How to Survive Disneyland When You’re an Introvert

Note: This is a guest post by Colton Leadley, Lauri and Glenn’s oldest son. 

How to Survive Disneyland When You're an Introvert
Photo Credit: Bigstock


Being introverted can make a what should be an exciting experience (going to Disneyland with your whole family) turn into a complete catastrophe.  All human beings recharge their energy levels the same way; when we sleep at night.  The difference between introverts and extroverts is how our energy levels are affected when we socialize. While extroverts increase their energy levels while being around people and socializing, these situations actually degrade introvert’s energy levels and physically exhaust them.  In addition, there are more extroverts than introverts which makes them wrongfully stand out as “antisocial” or “weird”.  You can see how going to Disneyland with your entire family could be an exhausting experience for those of us who are not as socially inclined.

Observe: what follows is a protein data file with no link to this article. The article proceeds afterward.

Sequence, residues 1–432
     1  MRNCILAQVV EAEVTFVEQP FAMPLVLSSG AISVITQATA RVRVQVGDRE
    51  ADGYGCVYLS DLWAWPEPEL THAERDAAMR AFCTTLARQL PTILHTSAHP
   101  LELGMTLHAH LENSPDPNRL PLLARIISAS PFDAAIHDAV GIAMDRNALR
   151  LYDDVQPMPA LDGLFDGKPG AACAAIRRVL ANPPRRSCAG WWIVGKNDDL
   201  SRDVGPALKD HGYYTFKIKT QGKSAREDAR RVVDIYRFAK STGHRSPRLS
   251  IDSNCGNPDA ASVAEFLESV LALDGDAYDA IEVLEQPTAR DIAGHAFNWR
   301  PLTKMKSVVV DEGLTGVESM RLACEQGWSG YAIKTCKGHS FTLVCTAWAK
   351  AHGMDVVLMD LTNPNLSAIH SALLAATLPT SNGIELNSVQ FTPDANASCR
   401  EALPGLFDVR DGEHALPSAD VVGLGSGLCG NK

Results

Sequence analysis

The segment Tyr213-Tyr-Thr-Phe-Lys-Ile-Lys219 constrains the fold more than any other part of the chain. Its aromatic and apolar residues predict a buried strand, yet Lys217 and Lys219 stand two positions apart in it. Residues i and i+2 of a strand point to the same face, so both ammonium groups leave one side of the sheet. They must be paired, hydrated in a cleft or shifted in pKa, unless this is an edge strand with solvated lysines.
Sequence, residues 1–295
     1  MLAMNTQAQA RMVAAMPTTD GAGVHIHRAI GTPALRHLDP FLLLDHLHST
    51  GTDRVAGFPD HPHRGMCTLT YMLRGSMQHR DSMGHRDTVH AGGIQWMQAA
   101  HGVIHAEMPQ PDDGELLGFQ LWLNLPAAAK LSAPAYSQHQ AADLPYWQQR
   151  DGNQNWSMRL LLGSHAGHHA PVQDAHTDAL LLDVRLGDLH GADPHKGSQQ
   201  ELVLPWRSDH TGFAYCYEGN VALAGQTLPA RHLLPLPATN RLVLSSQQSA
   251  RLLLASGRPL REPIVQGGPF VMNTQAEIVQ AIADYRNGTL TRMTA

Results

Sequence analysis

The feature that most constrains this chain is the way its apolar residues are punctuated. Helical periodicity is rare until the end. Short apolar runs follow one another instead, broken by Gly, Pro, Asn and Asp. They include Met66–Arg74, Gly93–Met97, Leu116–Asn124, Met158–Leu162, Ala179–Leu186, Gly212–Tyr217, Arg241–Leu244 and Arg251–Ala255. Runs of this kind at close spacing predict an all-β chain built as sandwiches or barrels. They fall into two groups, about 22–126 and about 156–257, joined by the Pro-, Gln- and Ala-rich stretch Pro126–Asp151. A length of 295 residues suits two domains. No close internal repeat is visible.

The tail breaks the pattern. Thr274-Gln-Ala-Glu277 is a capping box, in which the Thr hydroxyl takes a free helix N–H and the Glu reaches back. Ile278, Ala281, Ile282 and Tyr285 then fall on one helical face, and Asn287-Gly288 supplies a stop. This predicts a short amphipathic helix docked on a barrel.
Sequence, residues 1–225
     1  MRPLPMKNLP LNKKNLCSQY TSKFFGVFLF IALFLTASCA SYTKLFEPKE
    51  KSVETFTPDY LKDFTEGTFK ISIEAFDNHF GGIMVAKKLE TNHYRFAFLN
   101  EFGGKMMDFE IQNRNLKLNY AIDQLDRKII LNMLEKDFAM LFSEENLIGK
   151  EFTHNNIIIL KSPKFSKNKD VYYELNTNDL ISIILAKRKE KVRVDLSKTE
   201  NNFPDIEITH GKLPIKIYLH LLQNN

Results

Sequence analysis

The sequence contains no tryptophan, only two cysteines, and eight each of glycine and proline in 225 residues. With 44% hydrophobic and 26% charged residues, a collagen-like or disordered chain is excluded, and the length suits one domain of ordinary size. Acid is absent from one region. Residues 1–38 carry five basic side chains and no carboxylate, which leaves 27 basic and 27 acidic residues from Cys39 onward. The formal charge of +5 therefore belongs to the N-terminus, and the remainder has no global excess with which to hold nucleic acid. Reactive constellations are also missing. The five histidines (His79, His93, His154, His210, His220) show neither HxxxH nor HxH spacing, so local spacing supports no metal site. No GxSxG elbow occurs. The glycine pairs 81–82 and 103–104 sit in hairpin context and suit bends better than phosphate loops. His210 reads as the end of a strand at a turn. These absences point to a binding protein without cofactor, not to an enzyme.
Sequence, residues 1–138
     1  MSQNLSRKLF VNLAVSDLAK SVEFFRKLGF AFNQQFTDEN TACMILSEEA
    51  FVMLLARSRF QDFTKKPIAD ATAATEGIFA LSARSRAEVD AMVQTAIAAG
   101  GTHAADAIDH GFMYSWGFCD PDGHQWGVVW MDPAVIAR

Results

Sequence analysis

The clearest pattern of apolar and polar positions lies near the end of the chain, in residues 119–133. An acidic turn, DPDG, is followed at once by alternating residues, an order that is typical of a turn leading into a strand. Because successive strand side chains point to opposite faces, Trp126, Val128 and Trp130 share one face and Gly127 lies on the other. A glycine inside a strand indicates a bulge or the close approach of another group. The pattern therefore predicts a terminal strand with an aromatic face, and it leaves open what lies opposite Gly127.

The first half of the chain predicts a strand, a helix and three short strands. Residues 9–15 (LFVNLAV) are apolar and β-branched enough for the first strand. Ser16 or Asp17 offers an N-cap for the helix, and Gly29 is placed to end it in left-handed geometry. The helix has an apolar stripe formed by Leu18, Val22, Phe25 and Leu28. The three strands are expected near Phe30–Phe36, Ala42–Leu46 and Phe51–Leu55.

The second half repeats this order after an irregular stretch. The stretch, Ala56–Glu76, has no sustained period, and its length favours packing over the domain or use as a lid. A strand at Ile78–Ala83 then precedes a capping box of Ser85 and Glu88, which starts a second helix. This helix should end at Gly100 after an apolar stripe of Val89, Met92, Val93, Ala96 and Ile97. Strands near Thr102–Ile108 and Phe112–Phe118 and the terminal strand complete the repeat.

I consider myself to a “healthy” introvert or a “sociable” introvert.  This means I do like being around people and value friendships/family.  However, I get worn out a lot faster in social situations than most people do.  So initially walking in to Disneyland the excitement and chaos of everything is great but I soon start to get worn out and it quickly turns into the opening seen of Saving Private Ryan just replace the morbidity and carnage with happiness and Mickey.

The Leadley Family
Me and my family. 

Since I value my family and friendships so much I try to stick it out for the whole day but usually end up getting tired, irritable, and unpleasant to be around.  This is why people that are more introverted can have a bad day at Disneyland. Being 26 years old and having been in the realm of adulthood for 8 years now I think I have figured out a strategy to optimize an experience such as Disneyland.  The strategy is to follow these simple steps;

  • identify if you’re an introvert,
  • get a good night’s rest,
  • eat,
  • tough it out as long as possible,
  • take a nap,
  • bring a book and use it as an excuse,